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As early as 3500 BCE, the Egyptians began building obelisks to divide their days into parts resembling the hours we know today. The moving shadows created by the Sun hitting the obelisk helped to divide morning from afternoon, while the length of the noontime shadow showed the year’s longest and shortest days. This is the same principle behind sundials, which you may be more familiar with. But watching shadows move across the Earth isn’t the only way the sky can help us keep time.
Around the same time the Egyptians were building obelisks, a 366-day calendar structured on the movements of the Sun and the moon was being developed in China. But after a few centuries of use, astronomers began noticing that the calendar became inaccurate every 300 years or so. The reason? Well, the stars, including the Sun, aren’t as “fixed” in the night sky as they appear to be.
There’s movement happening; something that we call precession. As the Earth’s rotational axis slowly moves,
the stars shift in our night sky. About every 26,000 years or so, we get a new view of the stars. Today, most of us know that Polaris is the North Star. But 26,000 years ago, Thuban— a star in the ‘tail’ of the constellation Draco—was the marker of the poles! By the 5th century CE, Chinese scholars had figured out the whole precession problem and factored it into their calendar. And roughly 500 years later, one of the greatest time-keeping achievements of ancient China was unveiled: a five-story astronomical clock tower. This mechanical structure ran on a day and night time-keeping wheel that was powered by water!
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Telling Time by the Big Dipper
“Everyone knows that experienced woodsmen and woodswomen can tell time by the stars, but have you ever met anybody that could!? Here’s how.”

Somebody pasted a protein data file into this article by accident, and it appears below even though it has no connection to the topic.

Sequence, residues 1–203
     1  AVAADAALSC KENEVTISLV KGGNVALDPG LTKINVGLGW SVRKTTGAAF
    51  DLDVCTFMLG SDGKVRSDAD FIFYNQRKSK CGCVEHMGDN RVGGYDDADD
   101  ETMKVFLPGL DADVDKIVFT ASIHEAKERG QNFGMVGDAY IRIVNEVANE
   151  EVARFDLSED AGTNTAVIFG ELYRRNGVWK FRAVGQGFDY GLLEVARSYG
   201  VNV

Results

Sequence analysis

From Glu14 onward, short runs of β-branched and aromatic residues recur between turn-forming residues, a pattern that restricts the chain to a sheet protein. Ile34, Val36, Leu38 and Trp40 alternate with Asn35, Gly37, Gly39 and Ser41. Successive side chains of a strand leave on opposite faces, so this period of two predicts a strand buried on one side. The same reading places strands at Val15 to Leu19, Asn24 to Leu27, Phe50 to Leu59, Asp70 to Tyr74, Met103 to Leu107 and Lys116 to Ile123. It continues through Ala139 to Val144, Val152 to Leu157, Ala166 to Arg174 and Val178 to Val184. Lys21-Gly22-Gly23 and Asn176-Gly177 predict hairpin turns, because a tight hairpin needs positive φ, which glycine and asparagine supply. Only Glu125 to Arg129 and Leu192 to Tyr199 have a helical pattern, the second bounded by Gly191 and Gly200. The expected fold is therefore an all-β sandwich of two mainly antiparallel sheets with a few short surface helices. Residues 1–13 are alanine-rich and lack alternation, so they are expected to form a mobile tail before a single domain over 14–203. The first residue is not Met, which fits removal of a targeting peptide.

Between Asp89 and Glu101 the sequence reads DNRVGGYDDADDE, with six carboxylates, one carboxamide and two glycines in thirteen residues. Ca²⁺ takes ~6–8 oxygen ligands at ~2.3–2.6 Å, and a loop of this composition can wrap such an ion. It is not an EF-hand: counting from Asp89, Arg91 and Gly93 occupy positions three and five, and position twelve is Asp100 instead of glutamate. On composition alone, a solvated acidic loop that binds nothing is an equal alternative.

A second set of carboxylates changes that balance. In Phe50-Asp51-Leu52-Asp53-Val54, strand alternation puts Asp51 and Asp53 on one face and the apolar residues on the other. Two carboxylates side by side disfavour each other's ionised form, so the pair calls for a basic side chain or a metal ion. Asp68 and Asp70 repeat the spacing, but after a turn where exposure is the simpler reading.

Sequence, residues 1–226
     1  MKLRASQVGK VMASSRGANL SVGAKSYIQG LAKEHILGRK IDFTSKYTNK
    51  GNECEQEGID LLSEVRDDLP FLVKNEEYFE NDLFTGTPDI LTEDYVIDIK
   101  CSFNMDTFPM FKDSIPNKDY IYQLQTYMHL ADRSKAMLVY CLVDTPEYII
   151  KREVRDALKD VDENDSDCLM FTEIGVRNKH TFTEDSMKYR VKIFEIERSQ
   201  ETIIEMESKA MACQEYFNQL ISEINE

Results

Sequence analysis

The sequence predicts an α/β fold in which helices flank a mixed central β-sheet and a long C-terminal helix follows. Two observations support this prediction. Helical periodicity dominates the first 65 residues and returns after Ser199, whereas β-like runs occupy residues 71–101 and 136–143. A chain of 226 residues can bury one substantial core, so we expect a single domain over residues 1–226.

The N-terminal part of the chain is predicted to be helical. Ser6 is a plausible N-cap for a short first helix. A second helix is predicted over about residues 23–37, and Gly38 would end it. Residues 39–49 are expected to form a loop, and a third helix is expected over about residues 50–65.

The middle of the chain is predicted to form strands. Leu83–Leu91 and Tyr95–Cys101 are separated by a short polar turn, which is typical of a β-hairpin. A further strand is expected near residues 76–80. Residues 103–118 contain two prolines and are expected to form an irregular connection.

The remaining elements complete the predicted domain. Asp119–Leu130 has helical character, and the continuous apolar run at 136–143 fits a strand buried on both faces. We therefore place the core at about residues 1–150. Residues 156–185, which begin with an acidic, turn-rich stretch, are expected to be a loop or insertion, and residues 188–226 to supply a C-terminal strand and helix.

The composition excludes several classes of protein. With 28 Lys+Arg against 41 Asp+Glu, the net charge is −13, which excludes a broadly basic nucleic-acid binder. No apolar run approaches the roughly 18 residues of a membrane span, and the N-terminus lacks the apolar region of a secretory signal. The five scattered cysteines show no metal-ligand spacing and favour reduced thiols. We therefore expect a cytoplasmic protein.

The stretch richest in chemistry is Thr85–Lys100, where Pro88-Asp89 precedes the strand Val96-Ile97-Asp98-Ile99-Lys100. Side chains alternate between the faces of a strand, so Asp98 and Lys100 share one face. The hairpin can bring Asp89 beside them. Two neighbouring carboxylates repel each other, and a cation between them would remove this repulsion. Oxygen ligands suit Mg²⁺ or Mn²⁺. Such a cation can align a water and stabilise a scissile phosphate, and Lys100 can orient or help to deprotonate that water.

Sundials: Where Time Began
“If you go to the beach with the family and pitch your umbrella in the sand, you can get a basic understanding of how sundials work. As you enjoy the afternoon by the ocean, you may notice how the shadow your umbrella casts on the sand changes throughout the day. Without even looking at your watch, you probably know when it’s time to head home by where the Sun is in the sky and the position of your umbrella’s shadow.”
What Is an Atomic Clock? And the Deep Space Atomic Clock?
“To determine a spacecraft’s distance from Earth, navigators send a signal to the spacecraft, which then returns it to Earth. The time the signal requires to make that two-way journey reveals the spacecraft’s distance from Earth because the signal travels at a known speed (the speed of light).”
You can probably point to the Big Dipper, Orion’s Belt, and your astrological sign in the sky. But what would the constellations look like from another solar system? And will any of Orion’s stars ever become black holes? In Seeker Constellations, we’ll explain the science of the universe’s most famous stars and dive into the culturally significant stories behind them. Most importantly, we’ll provide a guide to where you can see these incredible constellations for yourself!
Seeker empowers the curious to understand the science shaping our world. We tell award-winning stories about the natural forces and groundbreaking innovations that impact our lives, our planet, and our universe.
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